Oh yes. And then the ‘68-ers took over the institutions, they know why it’s necessary to keep them, and that’s why they’re in power today. There was a saying in Fidesz that wasn’t entirely accurate, but that got the point across. In 2002, after we’d lost the election, in Fidesz it was said that between 1998 and 2002 we’d been in government, but we hadn’t been in power. Now this is the point. This is why we’re the rebels: because power is in the hands of the Left, and the rebellion against power occurs when power wants to do things to us that we don’t want. And the Left wants to use power to do all sorts of things – from migration to gender to national identity – that we don’t want. And we must rebel against that. And of course we don’t want to be plundered either, because in the end there are always leftist business actors who in passing will plunder a country. In a Gramscian sense they’ll have transformed its cultural context, but they’ll also bend over to pick up loose change along the way. So if we don’t want to be plundered, we have to resist and fight, to rebel.
Well, next year Hungary – and indeed the European Right – will have the opportunity to rebel. There are elections to the European Parliament. I honestly expect this to be no ordinary European Parliament election. What are the forces that will clash next June?
The truth is that we’ve so often had false hopes for European elections.
But I can still be enthusiastic.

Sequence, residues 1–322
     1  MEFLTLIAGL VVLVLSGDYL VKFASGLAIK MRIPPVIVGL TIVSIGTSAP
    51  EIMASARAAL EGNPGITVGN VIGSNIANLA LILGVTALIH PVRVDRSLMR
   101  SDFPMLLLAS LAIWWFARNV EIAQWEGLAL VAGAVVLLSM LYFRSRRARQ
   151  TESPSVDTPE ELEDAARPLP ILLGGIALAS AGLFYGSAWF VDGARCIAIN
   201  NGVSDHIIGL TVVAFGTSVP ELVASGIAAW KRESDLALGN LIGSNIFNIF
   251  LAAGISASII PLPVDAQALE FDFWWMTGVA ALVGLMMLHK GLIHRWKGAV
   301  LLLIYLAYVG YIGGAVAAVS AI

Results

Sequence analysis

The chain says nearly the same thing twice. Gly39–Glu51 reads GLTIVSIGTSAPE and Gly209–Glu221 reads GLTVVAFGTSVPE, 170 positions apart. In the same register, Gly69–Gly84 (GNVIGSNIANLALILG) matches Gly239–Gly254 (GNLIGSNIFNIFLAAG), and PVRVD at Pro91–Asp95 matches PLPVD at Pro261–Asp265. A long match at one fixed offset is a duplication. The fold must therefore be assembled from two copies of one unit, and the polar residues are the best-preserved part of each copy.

Yes, you’re younger, Dani, so you can still be enthusiastic, yes. I’m a bit too used to it. But anyway, you can be old without being past your sell-by date, so we’ll launch ourselves into it. But there are European elections every five years, and every time I always hope that there’s a chance to put pressure on this certain left-liberal force that wants to build an empire out of Europe. Our problem is that the force opposing this which is best placed to stand up for nation states and national independence in the face of European empire-building – let’s call it the largest European right-wing alliance, the European People’s Party – isn’t doing its job, it’s not fulfilling its mission. It’s shirking, if I may put it like that. Instead of building this real alternative – the other possibility, which can only be built with blood and sweat and great effort – and offering it to the people of Europe, it’s constantly collaborating, forming coalitions, copying, and accepting the themes, descriptions, phraseology, linguistic frameworks and so on that are defined by the Left. And this is why we on the Right, on the right side of the Right, must first try to force the moderate Right not to seek cooperation with the Left, but to stand up for its own values and realise that it mustn’t cooperate with the Left, but with the Right. Well, the Right isn’t faultless, it has its fair share of wildlife in the undergrowth, and of course not everyone is presentable, but on the whole the truths for which we’re in politics are here on the Right. If I may say so with due modesty, what we did in Hungary after 2002 was to build up this large, united force on the Right. It’s a very heterogeneous, diverse and exciting Right with a lot of internal debate. Various intellectual currents run through it, various historical traditions exist side-by-side, and there are people with different styles. Well, before me there were people whose style was different from mine, I think. So it’s a colourful world, but we have to be together, because I think that our own convictions, programme and truth is right, and we won’t be able to win if we don’t cooperate, but if we keep ogling at the other side. Especially if we also pander to the media, because we think that the democratic quality and presentability of our position depends on what’s written in Frankfurter Allgemeine Zeitung, in the mainstream media. Well, we constantly want them to praise us for being such good democratic fellows, and that can only be a victory for the Left. Of course it’s uncomfortable to have to accept that they’ll write nothing but bad things about us. But the right way of looking at it is that if they write nothing but bad things about us then we know that we’re on the right track. Well, we can’t expect our opponents to write good things about us. But what I want to say is that we’re not doing well here, we don’t have unity in the European Right today. Fidesz had to leave the European People’s Party because it was already so left-wing. I’m only exaggerating a little when I say that we might as well have been in the MSZP [Hungarian Socialist Party]. So it no longer made sense. But the point is – and the question is the same now in the elections coming up next June – whether this unity on the Right will come about, and if it does, if it will have a majority over the Left. That’s the big question. I think there’s a better chance of that today than there was five years ago, and a much better chance than there was ten years ago. So I’m not pessimistic, despite my disappointment after expecting this turnaround to occur sooner. There’s a chance, it’s worth doing – in fact we must do it, because the greatest dangers stalking our country come from Brussels. Here, too, just to avoid confusion, let me take a moment to put what I’m about to say in context. So when the Roman Empire fell, I’m going back quite far now...